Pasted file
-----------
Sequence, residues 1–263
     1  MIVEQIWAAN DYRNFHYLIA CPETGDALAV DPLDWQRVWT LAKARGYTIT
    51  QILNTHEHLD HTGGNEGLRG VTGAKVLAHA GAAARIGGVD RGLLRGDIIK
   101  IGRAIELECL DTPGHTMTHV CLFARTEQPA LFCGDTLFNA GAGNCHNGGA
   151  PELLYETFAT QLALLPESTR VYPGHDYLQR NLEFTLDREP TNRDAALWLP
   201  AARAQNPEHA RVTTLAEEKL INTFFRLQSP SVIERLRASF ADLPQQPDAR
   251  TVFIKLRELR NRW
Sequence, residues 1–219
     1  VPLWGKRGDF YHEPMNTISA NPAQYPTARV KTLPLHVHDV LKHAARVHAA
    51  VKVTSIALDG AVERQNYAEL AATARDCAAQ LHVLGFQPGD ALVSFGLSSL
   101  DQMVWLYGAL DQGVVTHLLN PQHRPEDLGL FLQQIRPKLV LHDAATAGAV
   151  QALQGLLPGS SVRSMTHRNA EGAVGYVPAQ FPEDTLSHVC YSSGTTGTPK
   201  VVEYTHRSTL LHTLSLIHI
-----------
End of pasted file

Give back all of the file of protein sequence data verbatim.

Sequence, residues 1–263
     1  MIVEQIWAAN DYRNFHYLIA CPETGDALAV DPLDWQRVWT LAKARGYTIT
    51  QILNTHEHLD HTGGNEGLRG VTGAKVLAHA GAAARIGGVD RGLLRGDIIK
   101  IGRAIELECL DTPGHTMTHV CLFARTEQPA LFCGDTLFNA GAGNCHNGGA
   151  PELLYETFAT QLALLPESTR VYPGHDYLQR NLEFTLDREP TNRDAALWLP
   201  AARAQNPEHA RVTTLAEEKL INTFFRLQSP SVIERLRASF ADLPQQPDAR
   251  TVFIKLRELR NRW
Sequence, residues 1–219
     1  VPLWGKRGDF YHEPMNTISA NPAQYPTARV KTLPLHVHDV LKHAARVHAA
    51  VKVTSIALDG AVERQNYAEL AATARDCAAQ LHVLGFQPGD ALVSFGLSSL
   101  DQMVWLYGAL DQGVVTHLLN PQHRPEDLGL FLQQIRPKLV LHDAATAGAV
   151  QALQGLLPGS SVRSMTHRNA EGAVGYVPAQ FPEDTLSHVC YSSGTTGTPK
   201  VVEYTHRSTL LHTLSLIHI